We can learn from Brazil’s leader of opposition’s death by accident

SHARE   |   Sunday, 20 July 2014   |   By Gobe Pitso
Motswaledi Motswaledi

Recently a majority of us watched with deep concern when the passing of a local politician was turned into a fray by many in political circles for reasons best known to them. Our national values of integrity, civility and constructive engagement had somehow eluded us during this period. As public officers with different tasks, it is our responsibility from time to time to highlight critical issues where we think the public good needs to benefit. 

Against this backdrop, it was while we were witnessing the aforementioned fray that Brazil lost a member of the opposition, leader of the Brazilian Socialist Party and also Presidential candidate in the 2014 upcoming Presidential elections Mr Eduardo Campo in a tragic plane crash. 

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According to reports from Brazil, officials said the pilot had aborted a landing due to poor weather and was attempting to change course. All seven people aboard perished, including the pilot and co-pilot, a reporter, a photographer and two of Mr. Campos' campaign aides.

Mr Campos, who was 49 years old, was a two-time Governor of Pernambuco State in northeast Brazil. He hailed from a left-wing political dynasty. In a tragic coincidence, he died on the anniversary of the death of his grandfather, Miguel Arraes, a former Governor and major figure in the opposition in the 1960s and 1970s.

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He was a leftist who was also friendly to business and tough on crime. Mr. Campos had hoped to appeal to both progressives and fiscal conservatives, but his campaign had trouble gaining traction. A recent poll had shown him with about 8% of the likely vote, a distant third behind Ms. Rousseff, the Brazilian President and her main rival, Aécio Neves of the Brazilian Social Democracy Party.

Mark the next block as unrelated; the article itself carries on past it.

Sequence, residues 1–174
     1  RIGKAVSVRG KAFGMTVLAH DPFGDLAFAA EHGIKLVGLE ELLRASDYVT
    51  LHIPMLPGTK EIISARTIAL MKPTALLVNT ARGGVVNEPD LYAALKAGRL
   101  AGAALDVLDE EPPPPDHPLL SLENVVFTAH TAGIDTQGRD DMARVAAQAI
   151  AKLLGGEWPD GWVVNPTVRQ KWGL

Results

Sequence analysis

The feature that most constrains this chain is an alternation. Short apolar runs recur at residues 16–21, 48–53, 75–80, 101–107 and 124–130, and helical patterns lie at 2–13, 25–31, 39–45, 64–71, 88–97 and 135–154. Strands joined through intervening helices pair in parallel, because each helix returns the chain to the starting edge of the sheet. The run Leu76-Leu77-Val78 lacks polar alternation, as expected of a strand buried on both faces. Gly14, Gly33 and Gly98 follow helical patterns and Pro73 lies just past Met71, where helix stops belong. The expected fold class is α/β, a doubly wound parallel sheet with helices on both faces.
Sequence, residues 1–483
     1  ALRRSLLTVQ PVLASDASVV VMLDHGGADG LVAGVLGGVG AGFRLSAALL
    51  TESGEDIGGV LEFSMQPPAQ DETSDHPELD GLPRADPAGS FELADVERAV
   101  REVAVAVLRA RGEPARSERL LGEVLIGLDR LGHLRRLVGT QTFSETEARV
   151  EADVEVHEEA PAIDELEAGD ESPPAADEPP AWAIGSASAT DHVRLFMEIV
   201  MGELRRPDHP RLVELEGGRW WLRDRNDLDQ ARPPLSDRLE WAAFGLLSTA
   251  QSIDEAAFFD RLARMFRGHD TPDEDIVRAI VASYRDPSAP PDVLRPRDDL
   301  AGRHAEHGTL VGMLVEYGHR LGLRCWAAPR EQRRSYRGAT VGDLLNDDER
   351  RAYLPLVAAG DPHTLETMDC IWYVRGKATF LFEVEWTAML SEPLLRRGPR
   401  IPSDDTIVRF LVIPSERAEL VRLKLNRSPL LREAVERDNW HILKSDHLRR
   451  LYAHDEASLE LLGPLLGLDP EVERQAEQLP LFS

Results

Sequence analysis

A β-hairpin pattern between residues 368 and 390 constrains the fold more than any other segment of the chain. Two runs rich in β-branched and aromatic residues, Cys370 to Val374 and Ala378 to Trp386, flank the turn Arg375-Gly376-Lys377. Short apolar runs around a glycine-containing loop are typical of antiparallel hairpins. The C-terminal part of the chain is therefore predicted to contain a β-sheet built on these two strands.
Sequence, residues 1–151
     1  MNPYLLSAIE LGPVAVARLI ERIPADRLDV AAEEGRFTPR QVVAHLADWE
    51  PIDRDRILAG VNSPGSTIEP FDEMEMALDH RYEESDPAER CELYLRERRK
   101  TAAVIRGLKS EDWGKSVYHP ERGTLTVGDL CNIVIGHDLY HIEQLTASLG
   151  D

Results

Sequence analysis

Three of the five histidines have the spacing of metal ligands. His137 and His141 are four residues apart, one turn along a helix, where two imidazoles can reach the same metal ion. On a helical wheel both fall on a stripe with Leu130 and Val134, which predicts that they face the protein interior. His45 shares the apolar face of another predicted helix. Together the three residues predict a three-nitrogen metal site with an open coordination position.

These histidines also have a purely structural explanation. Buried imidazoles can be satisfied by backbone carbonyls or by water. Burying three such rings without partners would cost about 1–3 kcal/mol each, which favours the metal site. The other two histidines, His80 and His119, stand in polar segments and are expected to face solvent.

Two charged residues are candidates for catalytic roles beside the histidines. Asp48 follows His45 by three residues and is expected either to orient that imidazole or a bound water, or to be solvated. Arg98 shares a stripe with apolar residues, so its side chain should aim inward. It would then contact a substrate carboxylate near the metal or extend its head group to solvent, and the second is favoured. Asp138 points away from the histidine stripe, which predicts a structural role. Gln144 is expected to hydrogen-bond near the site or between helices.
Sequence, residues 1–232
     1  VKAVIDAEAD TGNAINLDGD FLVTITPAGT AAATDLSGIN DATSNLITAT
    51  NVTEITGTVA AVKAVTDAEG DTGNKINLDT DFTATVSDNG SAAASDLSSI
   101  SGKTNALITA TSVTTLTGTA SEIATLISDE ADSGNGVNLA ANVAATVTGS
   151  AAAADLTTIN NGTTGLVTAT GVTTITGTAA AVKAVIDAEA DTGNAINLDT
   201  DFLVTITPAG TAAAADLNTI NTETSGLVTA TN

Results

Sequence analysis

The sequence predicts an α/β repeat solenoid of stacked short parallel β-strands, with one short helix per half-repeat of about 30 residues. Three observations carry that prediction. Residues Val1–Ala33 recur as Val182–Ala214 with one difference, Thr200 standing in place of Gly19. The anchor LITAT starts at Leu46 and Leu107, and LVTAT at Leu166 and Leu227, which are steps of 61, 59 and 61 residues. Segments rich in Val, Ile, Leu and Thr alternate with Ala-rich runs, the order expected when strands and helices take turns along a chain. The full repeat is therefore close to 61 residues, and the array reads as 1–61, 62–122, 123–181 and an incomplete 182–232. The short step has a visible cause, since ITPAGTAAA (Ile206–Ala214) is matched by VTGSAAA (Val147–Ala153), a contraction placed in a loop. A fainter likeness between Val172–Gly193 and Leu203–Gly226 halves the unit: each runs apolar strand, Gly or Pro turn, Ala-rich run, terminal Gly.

At the time of his passing Brazilians came together to mourn the passing of the Mr Campos to respect his integrity and cherish his memory, something that I think, from casual observation, we failed dismally at as a country as underscored by recent events. One welcomes the comments from Ditshwanelo - the Centre for Human Rights and associated organization in their recent press release in relation to the matter. 

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It is however; perhaps critical to underline that as a society we are better than what obtained recently in this regard. Vision 2016 belongs to all Batswana across the political divide, and we ought to live the values espoused therein. Integrity, civility and constructive engagement is not alien to our society, our kgotla system enriches our culture and is the envy of many across the globe. We should, against this backdrop, be able to introspect, learn from this incident and also learn a few things from others on such matters. 

We have seen other countries live and achieve their Visions like Singapore and Malaysia. If we were to dissect some of these issues, such as why they succeeded and why we ought to emulate them? We will perhaps find that they did not implement or live their Visions selectively. Their values, as inscribed in their Visions had become part of their culture.  Le rona ke tsaya gore, we can do better.

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*Pitso is the Press Secretary to the President.



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